There are two ways of disciplining the United States Senate and the President for failing to negotiate with the House of Representatives to produce a budget: one is political and the other is constitutional.
The political solution is to vote for different members of the Senate and a different President. You will notice that I have not suggested replacing your member of Congress, regardless of party affiliation. The reason for that is that the US House of Representatives has passed a budget and forwarded it to the Senate every year of Republican control since that party regained the Senate; but the Senate has failed to do likewise. In addition, the President since taking office in 2009, has consistently failed to obey federal law requiring a timely, date-certain, proposal of a budget. You could, of course, vote for a different representative, but that would apply electoral discipline to a member of the one House of Congress that has not, at least technically, been derelict in its duty.
The constitutional solutions include at least two approaches.
One is much discussed recently as a result of the publication of "The Liberty Amendments," by constitutional lawyer and radio host, Mark Levin. That approach is for the States -- in sufficient number -- call for a convention for proposing amendments to the Constitution. Such a convention could make changes to the Constitution in the nature of your proposed limitations on benefits for failure of duty. That approach is outlined in the Constitution, Article V: "The Congress, whenever two thirds of both houses shall deem it necessary, shall propose amendments to this Constitution, or, on the application of the legislatures of two thirds of the several states, shall call a convention for proposing amendments, which, in either case, shall be valid to all intents and purposes, as part of this Constitution, when ratified by the legislatures of three fourths of the several states, or by conventions in three fourths thereof, as the one or the other mode of ratification may be proposed by the Congress; provided that no amendment which may be made prior to the year one thousand eight hundred and eight shall in any manner affect the first and fourth clauses in the ninth section of the first article; and that no state, without its consent, shall be deprived of its equal suffrage in the Senate."
The other is for the balance of powers to do its work, if it will and can. The Congress has the law-making power. The President has the executive power. The Supreme Court and the lower federal courts have the judicial power. These powers were divided in order to guard against a rising tyranny in our country. But, guarding against tyranny isn't the only effect of depositing law enforcement and adjudicatory powers outside the Congress (the Congress being both House and Senate). That reason is that the laws of the United States may still be applied against those that enact them. If Senators or Congressmen do engage in unlawful conduct (accepting bribes, committing extortion), then that second constitutional discipline of prosecution and punishment may discipline the individual wrong-doer.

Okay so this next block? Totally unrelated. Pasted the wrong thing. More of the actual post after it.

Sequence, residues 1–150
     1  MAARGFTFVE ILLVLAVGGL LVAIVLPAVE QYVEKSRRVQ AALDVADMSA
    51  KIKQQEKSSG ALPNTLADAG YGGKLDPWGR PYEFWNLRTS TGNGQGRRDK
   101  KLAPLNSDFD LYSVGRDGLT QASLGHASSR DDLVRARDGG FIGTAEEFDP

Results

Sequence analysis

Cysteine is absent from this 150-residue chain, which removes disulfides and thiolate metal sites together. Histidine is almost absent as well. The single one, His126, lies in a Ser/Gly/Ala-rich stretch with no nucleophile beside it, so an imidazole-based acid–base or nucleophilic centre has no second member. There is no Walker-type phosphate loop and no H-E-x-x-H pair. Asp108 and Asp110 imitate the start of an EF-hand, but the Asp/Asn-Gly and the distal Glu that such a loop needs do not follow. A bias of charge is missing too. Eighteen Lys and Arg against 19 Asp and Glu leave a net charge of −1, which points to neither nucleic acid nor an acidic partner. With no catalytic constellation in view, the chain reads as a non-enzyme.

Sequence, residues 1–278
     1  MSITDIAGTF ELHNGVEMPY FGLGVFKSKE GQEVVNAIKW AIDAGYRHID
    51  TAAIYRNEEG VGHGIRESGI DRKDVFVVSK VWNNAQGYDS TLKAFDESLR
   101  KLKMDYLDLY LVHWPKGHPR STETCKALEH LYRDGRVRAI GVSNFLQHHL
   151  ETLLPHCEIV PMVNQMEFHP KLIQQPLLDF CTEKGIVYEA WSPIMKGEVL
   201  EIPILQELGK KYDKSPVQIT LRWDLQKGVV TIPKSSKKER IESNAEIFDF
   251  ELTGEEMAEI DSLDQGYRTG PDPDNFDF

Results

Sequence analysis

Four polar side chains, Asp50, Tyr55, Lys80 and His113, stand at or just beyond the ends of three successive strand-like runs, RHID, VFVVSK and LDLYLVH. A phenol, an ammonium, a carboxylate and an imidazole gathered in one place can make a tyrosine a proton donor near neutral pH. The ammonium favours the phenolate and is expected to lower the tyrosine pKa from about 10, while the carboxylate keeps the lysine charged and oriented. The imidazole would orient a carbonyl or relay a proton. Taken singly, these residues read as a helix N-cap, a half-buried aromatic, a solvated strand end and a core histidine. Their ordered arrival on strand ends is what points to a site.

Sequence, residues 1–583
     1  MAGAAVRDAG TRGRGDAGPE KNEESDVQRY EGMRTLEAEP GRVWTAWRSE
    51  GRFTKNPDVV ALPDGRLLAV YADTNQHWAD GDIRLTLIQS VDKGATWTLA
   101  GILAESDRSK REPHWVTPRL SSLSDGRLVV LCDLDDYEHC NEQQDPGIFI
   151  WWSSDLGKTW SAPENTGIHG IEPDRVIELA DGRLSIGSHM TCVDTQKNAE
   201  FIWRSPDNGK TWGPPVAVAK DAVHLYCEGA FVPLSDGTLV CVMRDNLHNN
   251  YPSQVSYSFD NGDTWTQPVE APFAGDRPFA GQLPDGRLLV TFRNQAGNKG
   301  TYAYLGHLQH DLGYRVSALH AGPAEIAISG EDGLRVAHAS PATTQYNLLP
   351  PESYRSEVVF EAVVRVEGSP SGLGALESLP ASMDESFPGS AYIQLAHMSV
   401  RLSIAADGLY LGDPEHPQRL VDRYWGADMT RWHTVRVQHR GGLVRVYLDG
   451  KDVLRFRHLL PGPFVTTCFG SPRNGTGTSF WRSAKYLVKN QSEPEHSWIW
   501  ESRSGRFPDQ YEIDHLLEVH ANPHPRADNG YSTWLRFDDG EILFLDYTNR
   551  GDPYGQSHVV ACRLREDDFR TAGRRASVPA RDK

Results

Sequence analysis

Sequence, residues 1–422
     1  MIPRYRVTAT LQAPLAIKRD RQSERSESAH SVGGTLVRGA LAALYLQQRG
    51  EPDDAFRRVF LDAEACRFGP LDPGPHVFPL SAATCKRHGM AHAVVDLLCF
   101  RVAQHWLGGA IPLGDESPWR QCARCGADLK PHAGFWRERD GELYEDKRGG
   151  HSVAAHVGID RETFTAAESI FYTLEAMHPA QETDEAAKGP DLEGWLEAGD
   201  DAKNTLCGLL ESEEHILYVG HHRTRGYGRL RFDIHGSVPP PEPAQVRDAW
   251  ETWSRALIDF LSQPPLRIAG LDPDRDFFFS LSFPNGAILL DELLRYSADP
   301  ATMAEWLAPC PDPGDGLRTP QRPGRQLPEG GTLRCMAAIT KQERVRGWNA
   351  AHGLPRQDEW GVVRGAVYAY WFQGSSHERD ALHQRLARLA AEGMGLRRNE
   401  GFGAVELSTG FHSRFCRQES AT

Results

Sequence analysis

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Have a read at the machinations of Congress during the revolutionary war, or frankly any period since....nothing new here .....
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The problem with imposing punishment for failure to agree is that it is unclear who to blame that failure on. Surely you do not mean that a senator can be punished because others refuse to vote his way, or that he can be punished for refusing to vote for a bill he does not agree with. No individual senator has the power to pass a bill on his own. Basically, your options are impeachment (very unlikely and difficult) or voting out at next election. Impeachment would work if someone has actually bought votes, but I think you probably have no proof of that. A one term limit would require a constitutional amendment, but is possible. It is hard for me to see how that would lead to greater levels of agreement among senators.
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